Flashlight and batteries. Water and food. Medications and first-aid kit. Radio and more batteries. Cash, cash, cash.
You might have a grab-and-go bag in the coat closet in case of wildfire or an emergency box under the sink in case of hurricanes. Wherever you live, some kind of disaster is bound to strike, and you should be prepared for it.
But what if disaster strikes at work? What emergency box must IT specialists have ready to help a company make it through unexpected downtime?
That emergency box is your business continuity plan. And for those in IT, following that plan ensures that your company is ready for anything, be it a systems failure, a natural disaster or human error.
WHY DO YOU NEED A PLAN?
A business continuity plan prepares you for “what-ifs … ,” and what-ifs cost money, resources and time. In the past five years, more than half of all companies have experienced a downtime that lasted longer than a full day. According to the Ponemon Institute, the average cost of IT downtime in 2016 was close to $9,000 per minute, or more than a half a million dollars an hour. For a Fortune 1,000 company, that cost could rise to $1 million or more — per hour.
What kind of disasters are we talking about?
- A major blackout affects your city
- An email is hacked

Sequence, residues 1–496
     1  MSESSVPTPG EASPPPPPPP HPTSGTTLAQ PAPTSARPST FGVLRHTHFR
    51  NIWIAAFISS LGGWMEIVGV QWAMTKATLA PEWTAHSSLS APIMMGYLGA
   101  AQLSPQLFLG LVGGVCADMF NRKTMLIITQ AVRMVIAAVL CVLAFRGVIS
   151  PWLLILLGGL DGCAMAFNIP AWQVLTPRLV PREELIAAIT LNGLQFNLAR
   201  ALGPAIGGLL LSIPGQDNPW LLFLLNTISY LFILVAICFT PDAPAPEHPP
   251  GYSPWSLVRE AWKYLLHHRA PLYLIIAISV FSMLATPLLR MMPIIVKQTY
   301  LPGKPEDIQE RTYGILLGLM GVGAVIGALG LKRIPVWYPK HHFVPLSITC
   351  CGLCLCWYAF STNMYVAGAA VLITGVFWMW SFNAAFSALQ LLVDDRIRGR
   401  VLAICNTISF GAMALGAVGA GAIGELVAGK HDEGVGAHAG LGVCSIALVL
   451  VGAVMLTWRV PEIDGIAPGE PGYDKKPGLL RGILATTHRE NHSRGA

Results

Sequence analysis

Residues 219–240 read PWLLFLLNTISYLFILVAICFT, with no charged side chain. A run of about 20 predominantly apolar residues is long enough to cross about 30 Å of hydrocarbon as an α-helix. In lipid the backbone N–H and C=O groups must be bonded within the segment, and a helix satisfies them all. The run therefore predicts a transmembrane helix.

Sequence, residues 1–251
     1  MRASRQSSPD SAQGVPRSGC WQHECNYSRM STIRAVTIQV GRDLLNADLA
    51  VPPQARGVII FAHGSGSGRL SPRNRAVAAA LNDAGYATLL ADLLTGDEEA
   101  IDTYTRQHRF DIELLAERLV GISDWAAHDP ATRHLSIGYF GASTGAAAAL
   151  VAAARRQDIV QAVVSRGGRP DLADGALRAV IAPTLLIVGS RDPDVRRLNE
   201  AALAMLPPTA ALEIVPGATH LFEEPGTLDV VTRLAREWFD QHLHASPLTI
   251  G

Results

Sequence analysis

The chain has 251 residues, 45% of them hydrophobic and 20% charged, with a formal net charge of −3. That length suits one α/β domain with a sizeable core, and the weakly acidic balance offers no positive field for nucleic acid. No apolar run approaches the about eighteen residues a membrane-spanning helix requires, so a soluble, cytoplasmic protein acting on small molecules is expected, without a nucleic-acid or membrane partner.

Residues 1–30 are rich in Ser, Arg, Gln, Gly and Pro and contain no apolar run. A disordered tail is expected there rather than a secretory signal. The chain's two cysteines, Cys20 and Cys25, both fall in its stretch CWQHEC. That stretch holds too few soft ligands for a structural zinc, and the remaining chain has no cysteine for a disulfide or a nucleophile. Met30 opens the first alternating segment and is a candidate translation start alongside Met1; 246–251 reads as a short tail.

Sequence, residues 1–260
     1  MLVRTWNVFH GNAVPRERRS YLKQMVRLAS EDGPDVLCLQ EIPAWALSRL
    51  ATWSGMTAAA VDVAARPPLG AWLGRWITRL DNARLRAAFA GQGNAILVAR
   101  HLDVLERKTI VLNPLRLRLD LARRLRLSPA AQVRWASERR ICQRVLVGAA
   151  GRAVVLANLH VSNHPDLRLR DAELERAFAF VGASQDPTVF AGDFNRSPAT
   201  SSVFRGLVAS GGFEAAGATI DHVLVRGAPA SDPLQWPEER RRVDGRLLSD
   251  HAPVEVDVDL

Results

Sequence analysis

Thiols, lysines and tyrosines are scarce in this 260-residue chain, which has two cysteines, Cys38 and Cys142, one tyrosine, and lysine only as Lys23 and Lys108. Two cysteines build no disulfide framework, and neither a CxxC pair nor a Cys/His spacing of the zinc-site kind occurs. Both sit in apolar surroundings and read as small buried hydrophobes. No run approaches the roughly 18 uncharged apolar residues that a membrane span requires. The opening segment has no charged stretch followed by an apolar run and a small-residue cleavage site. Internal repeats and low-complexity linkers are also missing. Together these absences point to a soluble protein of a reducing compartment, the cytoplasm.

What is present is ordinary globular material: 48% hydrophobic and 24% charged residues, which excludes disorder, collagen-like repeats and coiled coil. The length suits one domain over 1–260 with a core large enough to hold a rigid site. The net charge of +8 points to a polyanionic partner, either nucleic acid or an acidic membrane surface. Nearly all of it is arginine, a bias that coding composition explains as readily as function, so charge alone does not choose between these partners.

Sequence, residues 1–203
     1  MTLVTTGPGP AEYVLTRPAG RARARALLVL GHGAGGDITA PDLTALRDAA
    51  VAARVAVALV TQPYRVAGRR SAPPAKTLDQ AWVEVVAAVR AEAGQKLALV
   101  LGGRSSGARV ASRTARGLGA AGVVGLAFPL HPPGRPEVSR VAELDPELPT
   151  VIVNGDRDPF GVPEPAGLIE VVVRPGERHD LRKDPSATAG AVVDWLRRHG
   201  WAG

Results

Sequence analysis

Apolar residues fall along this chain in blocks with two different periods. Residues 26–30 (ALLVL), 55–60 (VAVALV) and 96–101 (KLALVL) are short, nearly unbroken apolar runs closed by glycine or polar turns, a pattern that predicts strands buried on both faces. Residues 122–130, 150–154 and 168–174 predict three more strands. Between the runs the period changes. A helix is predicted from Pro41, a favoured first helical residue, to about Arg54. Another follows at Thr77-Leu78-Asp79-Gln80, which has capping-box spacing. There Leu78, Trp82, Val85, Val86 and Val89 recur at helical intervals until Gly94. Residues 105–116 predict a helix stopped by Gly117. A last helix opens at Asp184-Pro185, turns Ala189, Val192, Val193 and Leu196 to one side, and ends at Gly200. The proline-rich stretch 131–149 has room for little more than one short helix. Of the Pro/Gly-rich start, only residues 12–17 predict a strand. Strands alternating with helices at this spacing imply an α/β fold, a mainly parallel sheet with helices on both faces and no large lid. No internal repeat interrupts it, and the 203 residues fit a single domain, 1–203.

- A hurricane hits
- A cyber attack freezes your system
No matter what the disaster, having a plan — a predetermined, tested response outlining various scenarios and the steps your business will take to get back to normal — avoids the consequences of the unexpected. A plan reassures your employees, customers and vendors that you are prepared in the event of an emergency. After all, the ability to communicate information to others is vital, and for the IT specialist, it means having systems in place and current.
WHAT IF …?
A business continuity plan is the face of your company’s resilience — your ability to recover from setbacks. From an IT perspective, a business continuity plan should include backups, alerts and reviews.
- Backups: Where are your databases stored — on premises, co-location, cloud? How are you securing your co-location data? In the event of an onsite failure, what will the backup systems provide? What, if anything, will be available to the public or your customers through the backup?
- Alerts: How does information — and not rumor — get to the right people at the right time? What alert systems do you have in place? How will employees know what to do?
- Reviews: How do you evaluate each situation and update procedures accordingly? How do you stay vigilant?
And don’t forget your vendors and remote workers. How can your IT department keep them productive when the home office is down? When Superstorm Sandy hit New York and New Jersey in 2012, businesses across the country also took a hit. Those working remotely for enterprises located in the storm’s reach might not have been affected by the physical storm, yet their work was interrupted and communication came to a standstill.
WHAT COMES AFTER THE PLAN?
Finally, you must regularly update your business continuity plan. You’ve spent hours with colleagues working through various what-if scenarios — systems disasters, natural disasters, human-error disasters — and drawing up plans. You’ve considered the best way to back up your systems and how to communicate with your employees. At a minimum, each year you should review your systems, your points of contact and backup contacts and your recovery strategies with all relevant colleagues and departments.
And continually encourage everyone to ask, What if …?